Tag Archives: sacrifice

Not by half

Building detail

I would like to write a poem about the death of Mírzá Mihdí, the Purest Branch,
who burst open the doors of his prison and broke the shackles of an empire.
It would tell of his mother’s grief, his sister’s misery, his brother’s pain
and of course, his Father’s love…

But most of all it would tell of the seven, small, shiny, black beach rocks
with worn, rounded corners found in his pocket and which comprised
all that he possessed in this world. “Where did you get them?” I’d ask.
“What was it about these seven that caught you and held you so that
you’d leave them behind? What were you trying to tell us?”
And then I’d tell of his Father releasing His son from his duties
that hot afternoon, knowing in advance what would happen to him:
that he would go to pray on the windswept prison rooftop;
that he would become enraptured in his meditations;
that he would forget the skylight was there;
that he would fall to his doom and lie there, pierced and broken;
that he would beg leave to offer his life as a ransom,
thereby opening the doors of Reunion;
that He, the Father, would accept, and that, days later, when He placed
His son in the grave, an earthquake would shake the ground so that
He would reveal, thereafter, When thou wast laid to rest in the earth,
the earth itself trembled in its longing to meet thee.

I would like to write such a poem, to eulogize one so perfect, befittingly,
but I am not, I know, good enough to reach into my soul to find it.

up

Mírzá Mihdí, whose title was “The Purest Branch,” was the youngest son of Bahá’u’lláh, the Founder of the Bahá’í Faith, and His wife, Navváb, to survive infancy. His death happened as described here: falling through a rooftop skylight in the early evening while enraptured in prayer and then offering his life so that the throngs of pilgrims who longed to visit His Father in His incarceration in the prison of ‘Akká—then the penal colony of the Ottoman Empire, but now a small city in Israel—could do so. Previously, pilgrims who had traveled the 1,500 miles on foot from Iran would either be turned back at the city gate, or if they managed to be admitted to the city, would be frustrated to enter the prison. Now, they would be allowed, finally, to enter and tarry therein. Mírzá Mihdí was but 22 at the time of His passing.

I saw the seven, black, shiny beach rocks when I was on pilgrimage to the Bahá’í Holy Places in Israel. I do not think any one thing on that journey moved me more than those simple little stones, except perhaps walking into the prison and suddenly realizing what the roped off spot below the skylight was.

And so thus did I, and so still do Baha’is from the world over, go to that Spot, we for whom the doors of Reunion were, on that fateful day, flung open…

Thank you for reading Not by half. I humbly appreciate your visiting the Book of Pain, and as always, I look forward to your comments.

The quotation from Bahá’u’lláh is quoted by Shoghi Effendi in This Decisive Hour: Messages from Shoghi Effendi to the North American Bahá’ís, 1932–1946 (Wilmette, IL, USA: Bahá’í Publishing Trust, 2002) 64.12: 47.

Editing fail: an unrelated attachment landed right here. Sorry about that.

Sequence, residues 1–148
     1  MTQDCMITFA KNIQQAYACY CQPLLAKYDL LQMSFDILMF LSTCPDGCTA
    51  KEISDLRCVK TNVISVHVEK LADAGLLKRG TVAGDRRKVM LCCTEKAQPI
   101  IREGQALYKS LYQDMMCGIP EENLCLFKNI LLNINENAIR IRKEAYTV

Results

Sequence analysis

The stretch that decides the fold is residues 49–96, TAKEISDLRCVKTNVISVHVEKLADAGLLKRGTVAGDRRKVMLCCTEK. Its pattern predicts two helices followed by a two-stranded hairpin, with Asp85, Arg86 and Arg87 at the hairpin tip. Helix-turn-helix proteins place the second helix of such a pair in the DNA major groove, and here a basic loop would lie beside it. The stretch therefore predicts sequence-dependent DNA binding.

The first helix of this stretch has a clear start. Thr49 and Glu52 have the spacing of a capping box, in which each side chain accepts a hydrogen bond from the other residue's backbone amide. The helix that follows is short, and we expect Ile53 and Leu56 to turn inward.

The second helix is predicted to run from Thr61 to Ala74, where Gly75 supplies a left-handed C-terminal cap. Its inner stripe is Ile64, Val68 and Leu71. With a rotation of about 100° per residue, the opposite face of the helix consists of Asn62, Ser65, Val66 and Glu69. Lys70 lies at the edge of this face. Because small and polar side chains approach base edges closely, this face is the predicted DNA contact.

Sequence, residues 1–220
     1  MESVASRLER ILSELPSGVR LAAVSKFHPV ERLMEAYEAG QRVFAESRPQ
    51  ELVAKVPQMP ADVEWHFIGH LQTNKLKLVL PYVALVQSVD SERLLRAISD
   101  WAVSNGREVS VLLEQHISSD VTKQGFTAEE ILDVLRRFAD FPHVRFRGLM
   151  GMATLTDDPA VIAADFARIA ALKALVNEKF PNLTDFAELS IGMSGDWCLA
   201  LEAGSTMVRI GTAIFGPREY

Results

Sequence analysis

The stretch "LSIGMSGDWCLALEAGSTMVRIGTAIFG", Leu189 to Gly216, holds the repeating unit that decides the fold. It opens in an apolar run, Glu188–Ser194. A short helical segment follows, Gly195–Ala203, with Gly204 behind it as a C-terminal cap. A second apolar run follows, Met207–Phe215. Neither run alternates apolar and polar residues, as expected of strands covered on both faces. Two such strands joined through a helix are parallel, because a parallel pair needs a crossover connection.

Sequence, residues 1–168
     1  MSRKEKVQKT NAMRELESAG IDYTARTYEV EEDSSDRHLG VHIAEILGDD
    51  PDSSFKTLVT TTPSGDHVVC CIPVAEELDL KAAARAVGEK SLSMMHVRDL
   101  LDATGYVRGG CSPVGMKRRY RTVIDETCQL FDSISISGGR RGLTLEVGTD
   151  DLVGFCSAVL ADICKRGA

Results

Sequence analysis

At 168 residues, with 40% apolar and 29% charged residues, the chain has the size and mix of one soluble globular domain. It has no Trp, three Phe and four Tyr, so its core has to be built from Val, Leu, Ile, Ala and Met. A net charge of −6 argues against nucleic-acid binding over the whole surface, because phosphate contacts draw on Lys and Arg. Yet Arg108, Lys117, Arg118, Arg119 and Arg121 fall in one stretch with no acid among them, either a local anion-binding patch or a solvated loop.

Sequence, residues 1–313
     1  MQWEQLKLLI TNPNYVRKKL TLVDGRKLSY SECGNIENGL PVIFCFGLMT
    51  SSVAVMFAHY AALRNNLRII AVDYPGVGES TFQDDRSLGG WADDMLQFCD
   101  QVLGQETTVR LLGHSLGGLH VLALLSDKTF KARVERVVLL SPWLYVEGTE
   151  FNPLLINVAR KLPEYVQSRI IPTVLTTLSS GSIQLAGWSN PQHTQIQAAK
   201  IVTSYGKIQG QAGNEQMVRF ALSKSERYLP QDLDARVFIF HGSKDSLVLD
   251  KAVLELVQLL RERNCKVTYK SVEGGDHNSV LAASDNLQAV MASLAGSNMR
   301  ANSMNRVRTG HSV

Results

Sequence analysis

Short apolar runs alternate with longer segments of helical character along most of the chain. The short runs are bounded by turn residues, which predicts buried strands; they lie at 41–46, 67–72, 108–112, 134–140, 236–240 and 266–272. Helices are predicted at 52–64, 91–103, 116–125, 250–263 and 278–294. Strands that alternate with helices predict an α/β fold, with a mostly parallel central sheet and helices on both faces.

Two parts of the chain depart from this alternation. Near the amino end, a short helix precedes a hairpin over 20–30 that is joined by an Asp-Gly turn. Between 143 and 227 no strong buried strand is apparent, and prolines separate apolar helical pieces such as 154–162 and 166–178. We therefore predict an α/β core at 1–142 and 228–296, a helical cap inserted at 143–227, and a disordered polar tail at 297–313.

The photograph was taken in ‘Akká during our family’s pilgrimage there. For more photography, please visit the Book of Bokeh.

john

Photograph, poem and notes © 2014 by John Etheridge; all rights reserved. The poem and accompanying notes are licensed under the Creative Commons Attribution-Noncommercial-No Derivative Works 3.0 Unported License. This applies to all original written work found on this site, unless noted otherwise. The attribution claimed under the license is: © 2014 by John Etheridge,  https://bookofpain.wordpress.com. The photograph is not licensed for use or reproduction in any way, unless so granted in writing by the copyright owner.

The quotation from Bahá’u’lláh is quoted by Shoghi Effendi in This Decisive Hour: Messages from Shoghi Effendi to the North American Bahá’ís, 1932–1946 (Wilmette, IL, USA: Bahá’í Publishing Trust, 2002) 64.12: 47.

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In a smithy

With the ore of your deeds
melted in the crucible of His Name—
with the heat of your desire
glowing from the fan of His Breath—
with the hammer blows of your heart
striking the anvil of His Will—
rest you not content, o smith,
for you have just begun your toil.

Quenched in the chill of separation,
annealed by the fire of faith,
tempered with the blows of duty,
forge you then the sword of your love
and there, upon the keen,
whetted edge of surrender,
sacrifice yourself, o smith,
for now you are finally done:
you know the one is only transmuted to the other
because the other is its twin.

Thank you for reading In a smithy. I sincerely hope you have enjoyed it and I humbly appreciate your visiting the Book of Pain. As always, I look forward to your comments.

john

© 2013 by John Etheridge; all rights reserved. This poem and accompanying notes are licensed under the Creative Commons Attribution-Noncommercial-No Derivative Works 3.0 Unported License. This applies to all original work found on this site, unless noted otherwise. The attribution claimed under the license is: © 2013 by John Etheridge, https://bookofpain.wordpress.com.

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Last nights

What did you ponder on your last nights?